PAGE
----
Richard E. Kim, The Martyred

The Martyred by Richard E. Kim My rating: 4 of 5 stars Richard E. Kim's The Martyred was published to great sales and acclaim in 1964. It dominated the bestseller list, earned comparisons to Camus and Dostoevsky, and boasted blurbs from Pearl S. Buck and Philip Roth. Kim was born in what is now North… Continue reading Richard E. Kim, The Martyred

J. M. Coetzee, The Schooldays of Jesus

The Schooldays of Jesus by J.M. Coetzee My rating: 4 of 5 stars This sequel to Coetzee's The Childhood of Jesus (2013) provides further adventures of Davíd, Simón, and Inés in an ambiguous dream-like setting. The first novel tells of characters who arrive from over the sea to a mysterious socialist society called Novilla; Simón,… Continue reading J. M. Coetzee, The Schooldays of Jesus

Vladimir Nabokov, Despair

Despair by Vladimir Nabokov My rating: 3 of 5 stars Despair, Nabokov's seventh novel, written in Russian, dates from the mid-1930s (begun in 1932, serialized in 1934, published as a book in 1936, translated into English by the author in 1937); Nabokov revised the translation—and, as he notes in his preface, the book itself—for its… Continue reading Vladimir Nabokov, Despair

In Defense of Pevear and Volokhonsky

Janet Malcolm contributes the latest polemic against Richard Pevear and Linda Volokhonsky (hereafter P&V), the famed husband-and-wife translators of the Russian classics, whose preeminence in their field is now being challenged by a number of critics. I have read the previous arguments with interest (for instance, by Gary Saul Morson and Helen Andrews), but they… Continue reading In Defense of Pevear and Volokhonsky

Fyodor Dostoevsky, A Gentle Creature and Other Stories

A Gentle Creature and Other Stories by Fyodor Dostoyevsky My rating: 4 of 5 stars This little book, translated by Alan Myers, collects three of Dostoevsky’s short works on the subject of the "dreamer"—one early piece, the classic 1848 novella "White Nights," and two pieces of the 1870s, first published in D.’s Diary of a… Continue reading Fyodor Dostoevsky, A Gentle Creature and Other Stories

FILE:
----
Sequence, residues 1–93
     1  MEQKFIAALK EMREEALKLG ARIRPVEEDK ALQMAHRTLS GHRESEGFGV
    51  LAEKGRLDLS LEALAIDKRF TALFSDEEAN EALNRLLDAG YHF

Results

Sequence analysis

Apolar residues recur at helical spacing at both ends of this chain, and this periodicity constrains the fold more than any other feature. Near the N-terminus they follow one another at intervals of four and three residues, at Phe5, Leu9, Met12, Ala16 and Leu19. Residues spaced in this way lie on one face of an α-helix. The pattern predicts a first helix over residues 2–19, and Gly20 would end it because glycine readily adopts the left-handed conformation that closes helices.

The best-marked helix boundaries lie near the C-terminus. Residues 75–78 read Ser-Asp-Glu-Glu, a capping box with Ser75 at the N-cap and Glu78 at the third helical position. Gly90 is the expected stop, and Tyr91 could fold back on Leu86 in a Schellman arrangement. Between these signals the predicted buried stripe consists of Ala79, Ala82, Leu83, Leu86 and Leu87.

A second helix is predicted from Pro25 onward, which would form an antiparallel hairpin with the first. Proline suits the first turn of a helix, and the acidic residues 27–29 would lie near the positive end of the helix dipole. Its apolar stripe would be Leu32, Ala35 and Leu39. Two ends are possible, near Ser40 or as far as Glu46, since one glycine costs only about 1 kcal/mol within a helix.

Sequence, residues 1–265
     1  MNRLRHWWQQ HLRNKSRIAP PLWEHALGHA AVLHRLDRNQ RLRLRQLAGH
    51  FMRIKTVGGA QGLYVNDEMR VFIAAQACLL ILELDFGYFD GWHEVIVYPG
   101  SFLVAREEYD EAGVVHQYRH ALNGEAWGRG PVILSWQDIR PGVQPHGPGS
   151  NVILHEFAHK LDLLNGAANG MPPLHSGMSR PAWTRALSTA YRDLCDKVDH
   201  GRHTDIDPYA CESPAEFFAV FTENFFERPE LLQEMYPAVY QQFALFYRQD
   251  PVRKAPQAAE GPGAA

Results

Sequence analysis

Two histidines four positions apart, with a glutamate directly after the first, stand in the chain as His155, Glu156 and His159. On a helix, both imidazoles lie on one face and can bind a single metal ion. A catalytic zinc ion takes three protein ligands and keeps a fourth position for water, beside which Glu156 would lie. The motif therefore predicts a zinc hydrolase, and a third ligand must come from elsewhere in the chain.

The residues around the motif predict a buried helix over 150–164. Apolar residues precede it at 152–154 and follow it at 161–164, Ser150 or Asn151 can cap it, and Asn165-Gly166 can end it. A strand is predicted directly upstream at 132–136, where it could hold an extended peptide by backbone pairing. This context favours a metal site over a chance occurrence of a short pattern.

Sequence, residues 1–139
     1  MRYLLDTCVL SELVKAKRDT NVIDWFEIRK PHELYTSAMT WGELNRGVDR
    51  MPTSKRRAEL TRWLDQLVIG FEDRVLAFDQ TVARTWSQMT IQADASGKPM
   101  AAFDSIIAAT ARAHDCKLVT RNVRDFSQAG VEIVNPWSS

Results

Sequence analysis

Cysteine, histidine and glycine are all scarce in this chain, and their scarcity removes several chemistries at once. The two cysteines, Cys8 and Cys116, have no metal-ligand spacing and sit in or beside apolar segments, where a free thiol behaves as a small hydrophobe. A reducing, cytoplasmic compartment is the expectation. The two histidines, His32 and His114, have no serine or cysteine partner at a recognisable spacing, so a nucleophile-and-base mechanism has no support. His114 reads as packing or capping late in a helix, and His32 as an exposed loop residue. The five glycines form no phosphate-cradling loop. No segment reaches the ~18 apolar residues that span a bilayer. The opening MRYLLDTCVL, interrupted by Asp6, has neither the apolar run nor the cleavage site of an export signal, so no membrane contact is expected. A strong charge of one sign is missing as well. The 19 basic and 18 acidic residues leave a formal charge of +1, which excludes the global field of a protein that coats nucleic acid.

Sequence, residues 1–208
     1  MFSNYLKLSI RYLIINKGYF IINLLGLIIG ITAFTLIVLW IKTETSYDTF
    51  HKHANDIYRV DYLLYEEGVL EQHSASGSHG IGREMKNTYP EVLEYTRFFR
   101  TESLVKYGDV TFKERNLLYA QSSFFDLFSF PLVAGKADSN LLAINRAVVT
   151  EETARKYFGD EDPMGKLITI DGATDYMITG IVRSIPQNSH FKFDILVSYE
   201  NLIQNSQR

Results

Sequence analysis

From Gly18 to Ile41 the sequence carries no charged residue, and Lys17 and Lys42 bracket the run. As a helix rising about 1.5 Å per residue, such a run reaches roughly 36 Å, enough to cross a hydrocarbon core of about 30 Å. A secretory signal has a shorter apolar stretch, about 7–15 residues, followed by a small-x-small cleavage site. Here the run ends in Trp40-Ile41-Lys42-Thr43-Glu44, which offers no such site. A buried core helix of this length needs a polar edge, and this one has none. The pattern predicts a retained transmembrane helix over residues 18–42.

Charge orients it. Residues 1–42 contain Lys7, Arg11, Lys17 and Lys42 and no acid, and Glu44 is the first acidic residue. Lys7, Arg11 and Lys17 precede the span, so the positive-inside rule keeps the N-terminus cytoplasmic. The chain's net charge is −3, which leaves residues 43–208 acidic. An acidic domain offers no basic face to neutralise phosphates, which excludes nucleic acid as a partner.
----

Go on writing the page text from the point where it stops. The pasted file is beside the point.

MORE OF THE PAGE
Fyodor Dostoevsky, The Idiot

The Idiot by Fyodor Dostoyevsky My rating: 5 of 5 stars A very, very strange novel. In her review of David McDuff's 2004 translation of The Idiot (I myself read the 2002 Pevear and Volokhonsky version), the novelist A. S. Byatt describes the difficult circumstances of its composition: The writing and publication of the novel… Continue reading Fyodor Dostoevsky, The Idiot

J. M. Coetzee, The Master of Petersburg

The Master of Petersburg by J.M. Coetzee My rating: 5 of 5 stars Coetzee's Dostoevsky novel. I wonder, in a sense, why Coetzee attempted it: he well knows Dostoevsky is larger than he is. There is a quality in Dostoevsky that is beyond Coetzee: call it "high spirits." Coetzee is Ivan, to the letter, but… Continue reading J. M. Coetzee, The Master of Petersburg

Links: Me, Elsewhere

1. While I don't even really know who Ira Glass is, I thought the response to his anti-Shakespeare tweet was missing a broader perspective, so I wrote an essay for The Millions attempting to provide one, giving some good reasons why people across the ages, from Tolstoy to Wittgenstein to Joyce to Woolf, have criticized… Continue reading Links: Me, Elsewhere

George Steiner, Tolstoy or Dostoevsky: An Essay in the Old Criticism

Tolstoy or Dostoevsky: An Essay in the Old Criticism by George Steiner My rating: 5 of 5 stars This is a superb book. It abounds in literary-historical insight; it goes to the heart of these authors' achievements. The title is a bit misleading in that it's not really about deciding whether Tolstoy or Dostoevsky is… Continue reading George Steiner, Tolstoy or Dostoevsky: An Essay in the Old Criticism

Fyodor Dostoevsky, Demons

Demons by Fyodor Dostoyevsky My rating: 5 of 5 stars While this story of nihilist-socialist radicals run amok in provincial Russia is touted as Dostoevsky's political novel, his pamphlet novel, there's surprisingly little substantial ideological discussion or debate. Dostoevsky does send up the intellectual left in terms that remain amusingly relevant, from its notorious circular-firing-squad… Continue reading Fyodor Dostoevsky, Demons